Adapted by David Ives, a former Guggenheim Foundation Fellow in playwriting, and directed by Michael Blakemore, Is He Dead? had its world premiere at the Lyceum Theatre. Martin Pakledinaz designed costumes. The Broadway production began previews on November 8 and was set to open on November 29, 2007, but due to the 2007 Broadway stagehand strike, it was postponed to December 9, 2007.
- Norbert Leo Butz as Jean-François Millet/Widow Daisy Tillou
- Byron Jennings as Bastien Andre, art dealer and moneylender
- Jennifer Gambatese as Marie Leroux, Millet's girlfriend
- John McMartin as Papa Louis Leroux, Marie's father
- Bridget Regan as Cecile Leroux, Marie's sister
- Tom Alan Robbins as Hans von Bismarck ("Dutchy"), Millet's friend
- Jeremy Bobb as Phelim O'Shaughnessy, Millet's friend
- Michael McGrath as Agamemnon Buckner ("Chicago"), Millet's friend
- Marylouise Burke as Madame Caron, Millet's landlady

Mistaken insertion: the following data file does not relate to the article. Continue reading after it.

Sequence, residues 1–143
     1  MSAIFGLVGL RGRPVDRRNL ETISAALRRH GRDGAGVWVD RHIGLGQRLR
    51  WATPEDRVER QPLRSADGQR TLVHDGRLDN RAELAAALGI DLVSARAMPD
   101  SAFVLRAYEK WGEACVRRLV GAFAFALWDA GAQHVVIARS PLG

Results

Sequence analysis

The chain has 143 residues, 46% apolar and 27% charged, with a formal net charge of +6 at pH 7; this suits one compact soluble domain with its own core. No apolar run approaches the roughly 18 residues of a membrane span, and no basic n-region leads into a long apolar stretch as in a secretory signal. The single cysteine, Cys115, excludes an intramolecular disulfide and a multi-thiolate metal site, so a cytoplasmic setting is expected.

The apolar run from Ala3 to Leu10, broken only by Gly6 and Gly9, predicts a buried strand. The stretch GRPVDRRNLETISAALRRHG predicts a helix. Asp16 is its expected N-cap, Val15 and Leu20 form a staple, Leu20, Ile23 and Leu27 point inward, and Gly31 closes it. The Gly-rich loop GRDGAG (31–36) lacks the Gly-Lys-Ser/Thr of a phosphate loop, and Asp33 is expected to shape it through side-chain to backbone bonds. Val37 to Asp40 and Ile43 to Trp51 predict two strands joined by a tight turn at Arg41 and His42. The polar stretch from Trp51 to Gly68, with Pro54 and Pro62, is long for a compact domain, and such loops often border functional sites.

- Patricia Conolly as Madame Bathilde, Millet's landlady
- David Pittu in several small comic roles
- "Is He Dead? A comedy in three acts". Retrieved 2007-08-01.
- "Playscripts Inc. - "Is He Dead?" adapted by David Ives". Retrieved 2013-04-02.
- "Playscripts, Inc. - Production History - "Is He Dead?" adapted by David Ives".
- Brantley, Ben (December 10, 2007). "It's Not Life on the Mississippi, Jean-François Honey". The New York Times. Retrieved 2008-03-12.
- Rooney, David (December 9, 2007). "Variety Review: Is He Dead?". Retrieved 2008-03-12.
- "Broadway's Is He Dead? Ends Run at Broadway's Lyceum March 9; Macbeth to Follow". Retrieved 2008-03-12.
- "Pittu, Jennings, McGrath, Gambatese Will Ask, Is He Dead? on Broadway". Retrieved 2007-09-04.
- Rooney, David (December 9, 2007). "Is He Dead?". Variety.
- Is He Dead? A Comedy in Three Acts, University of California Press, 2003.